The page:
Irrespective of the study site from which herbalists were found, there was general agreement on the approaches that could be adopted in order to increase the availability of medicinal plants (Table 15). These included the introduction of training programmes on better harvesting methods, restrictions on outsiders who have no part in managing the resources, enforcing rules on collection, empowering local communities with greater control over the resources, allowing ex situ cultivation in homesteads and gardens, and in situ planting in the existing natural forests. The strengths associated with each approach strongly suggest that the success of these approaches lies in community involvement, co-management and ownership of the resources, as well as in traditional leadership and authority. The weaknesses linked to these approaches, e.g. uncontrolled exploitation of medicinal plants, would largely prevail in the absence of organized community-based management.

The indications by herbalists of a more pluralistic approach is counter to the individualistic approach for which they have so far been known, largely for reasons of protecting their knowledge on medicinal plants. This perhaps shows that the threats to the availability of medicinal plants, particularly under the growing demand for treating HIV/AIDS-related illnesses, highlighted in this report, have in real terms decimated most medicinal plants. It therefore becomes unnecessary to protect knowledge that is no longer in physical existence (and therefore cannot be used) but to seek community approaches that would promote, rejuvenate and sustain the remaining medicinal plants. In fact, this realization (of conservation) is what has given way to the creation of the Herbalists Association of Malawi and to linkages between the Association and government medical practitioners of the Ministry of Health. Effective measures to implement some, if not all, of the suggested approaches could best be done through this linkage between herbalists and government to promote the availability of medicinal plants, starting with those known to treat HIV/AIDS-related illnesses.

Table 15: Approaches for increasing availability of medicinal plants and their strengths and weaknesses




Training on better harvesting methods: To protect available resources, reduce the cutting habit among community members

Effective for neighbouring communities

Only possible with community and not outsiders, commercial harvesters

Practical for immediate community

Not all people can be trained

Prohibiting outsiders from collection


Hunger and poverty will defeat the efforts and destruction will persist


Most of the communities are busy with domestic activities


Forest resource too big to be patrolled effectively

Enforcing current rules for collection: One of the rules would be to allow those trained in harvesting methods to collect medicinal plants

Involving communities recognizes their dependence on the reserve

Inadequate staff

Only those who have permits should be allowed

People will always evade licensing and outsiders should be given transfer certificates for them to be allowed to collect medicine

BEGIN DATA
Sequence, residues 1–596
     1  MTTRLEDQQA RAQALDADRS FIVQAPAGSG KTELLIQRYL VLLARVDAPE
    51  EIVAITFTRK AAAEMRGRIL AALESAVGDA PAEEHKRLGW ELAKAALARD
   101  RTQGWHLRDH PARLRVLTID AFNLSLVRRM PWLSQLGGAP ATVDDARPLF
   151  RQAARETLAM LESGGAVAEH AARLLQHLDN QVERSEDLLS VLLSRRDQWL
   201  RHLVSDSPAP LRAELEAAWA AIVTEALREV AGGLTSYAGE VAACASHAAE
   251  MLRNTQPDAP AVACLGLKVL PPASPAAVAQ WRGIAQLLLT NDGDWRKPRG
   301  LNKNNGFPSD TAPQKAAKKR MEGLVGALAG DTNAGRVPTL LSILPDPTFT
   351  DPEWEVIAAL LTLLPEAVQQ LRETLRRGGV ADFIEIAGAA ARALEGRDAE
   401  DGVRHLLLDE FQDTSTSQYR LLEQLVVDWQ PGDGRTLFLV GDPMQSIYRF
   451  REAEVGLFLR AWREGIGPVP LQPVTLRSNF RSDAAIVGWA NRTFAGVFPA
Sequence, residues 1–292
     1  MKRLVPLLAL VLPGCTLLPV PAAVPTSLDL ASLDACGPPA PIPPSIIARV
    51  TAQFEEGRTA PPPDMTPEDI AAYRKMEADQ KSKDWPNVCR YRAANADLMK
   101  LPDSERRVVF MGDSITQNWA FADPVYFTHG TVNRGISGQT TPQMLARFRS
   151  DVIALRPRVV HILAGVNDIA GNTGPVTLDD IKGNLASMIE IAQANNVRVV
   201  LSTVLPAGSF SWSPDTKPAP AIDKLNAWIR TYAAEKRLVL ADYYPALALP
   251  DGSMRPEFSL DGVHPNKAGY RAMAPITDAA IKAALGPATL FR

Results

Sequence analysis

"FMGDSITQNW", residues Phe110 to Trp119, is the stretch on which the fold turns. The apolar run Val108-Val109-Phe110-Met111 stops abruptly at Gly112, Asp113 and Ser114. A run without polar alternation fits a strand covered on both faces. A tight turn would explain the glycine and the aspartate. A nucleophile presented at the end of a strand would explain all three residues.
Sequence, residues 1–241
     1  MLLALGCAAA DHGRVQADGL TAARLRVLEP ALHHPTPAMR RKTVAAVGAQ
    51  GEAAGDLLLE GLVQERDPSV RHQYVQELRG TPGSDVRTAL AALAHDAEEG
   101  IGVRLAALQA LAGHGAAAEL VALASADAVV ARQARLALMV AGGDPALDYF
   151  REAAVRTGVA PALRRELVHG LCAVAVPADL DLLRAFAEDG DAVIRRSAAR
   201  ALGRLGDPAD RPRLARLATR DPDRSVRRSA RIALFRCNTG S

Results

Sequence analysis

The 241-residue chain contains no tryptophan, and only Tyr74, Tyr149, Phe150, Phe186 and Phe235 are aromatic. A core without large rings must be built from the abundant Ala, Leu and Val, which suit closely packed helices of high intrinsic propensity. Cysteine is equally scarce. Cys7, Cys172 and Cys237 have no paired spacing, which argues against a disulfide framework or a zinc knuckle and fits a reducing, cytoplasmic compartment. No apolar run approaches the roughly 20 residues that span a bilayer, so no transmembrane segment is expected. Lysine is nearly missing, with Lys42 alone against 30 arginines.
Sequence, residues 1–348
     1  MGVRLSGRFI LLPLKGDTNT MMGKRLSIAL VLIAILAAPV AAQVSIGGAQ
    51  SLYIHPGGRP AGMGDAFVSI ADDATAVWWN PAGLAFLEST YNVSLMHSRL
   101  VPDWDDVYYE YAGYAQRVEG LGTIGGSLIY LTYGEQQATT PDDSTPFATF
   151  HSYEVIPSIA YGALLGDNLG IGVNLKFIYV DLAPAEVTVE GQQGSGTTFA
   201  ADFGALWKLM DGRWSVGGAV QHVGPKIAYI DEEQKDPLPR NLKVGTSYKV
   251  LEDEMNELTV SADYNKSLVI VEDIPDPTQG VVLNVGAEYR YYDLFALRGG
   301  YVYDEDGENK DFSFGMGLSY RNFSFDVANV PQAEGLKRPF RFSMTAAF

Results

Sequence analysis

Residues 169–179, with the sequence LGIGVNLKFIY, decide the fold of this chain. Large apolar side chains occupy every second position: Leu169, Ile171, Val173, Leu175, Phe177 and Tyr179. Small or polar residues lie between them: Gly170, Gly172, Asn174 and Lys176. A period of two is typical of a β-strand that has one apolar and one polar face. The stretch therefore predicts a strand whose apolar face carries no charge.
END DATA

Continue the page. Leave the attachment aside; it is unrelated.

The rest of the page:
Introduction of collection fees; most commercial harvesters evade fee paying


Co-management between the community and the government should be strengthened

Giving greater control over local resources to community: Joint government control with community; to set up monitoring mechanisms

Chiefs be given greater authority because the villagers respect the decisions made by local leaders

The problem is the misinterpretation of democracy by some individuals

Cultivation of plants outside of forest: Includes advising communities to conserve medicinal plants in their gardens

This is best because the medicine will be within reach and free to use the product without fear

Planting material not available

Lessen travel time but cultivated medicinal plant as effective as natural one

Not possible to have all species planted because of different combinations of the concoction

Easy access; prevent wind effect; easily dug up at night if one falls sick

Not knowing propagation methods

Near home, saves time

Propagation methods difficult to access


Propagation material not available


Active ingredients may be weakened because of fertilizer/manure application and may lose strength

Planting in the forest: Seedlings raised by the co-management committee and the villagers assist in patch planting in the woodland/blocks


People will still cut down planted trees


The planted trees would be stolen


Others might still sneak in and dig up the medicinal plant


Lack of fast-growing seedlings


Hampered by poor community participation

2 The sample sizes for the herbalist interviewed may be considered small (i.e. n = 13) but in reality it represented all or almost all herbalists in the areas.

3 Herbalists usually use a mixture of these plants, which in themselves can treat a number of ailments and not just one. For example, "Chitimbe" Bauhinia thonningii bark infusion can act as a contraceptive, relieve inflammation, cure venereal diseases, rheumatism, etc.

4 "Zobara" (Fagara cholybea) and "Muwawani" (Cassia abbreviata) increased from 5-100MK and 40-100MK, respectively within the last 5 years.

5 Pneumonia

6 Diarrhoea

7 Bilharzias; eye diseases

8 Diarrhoea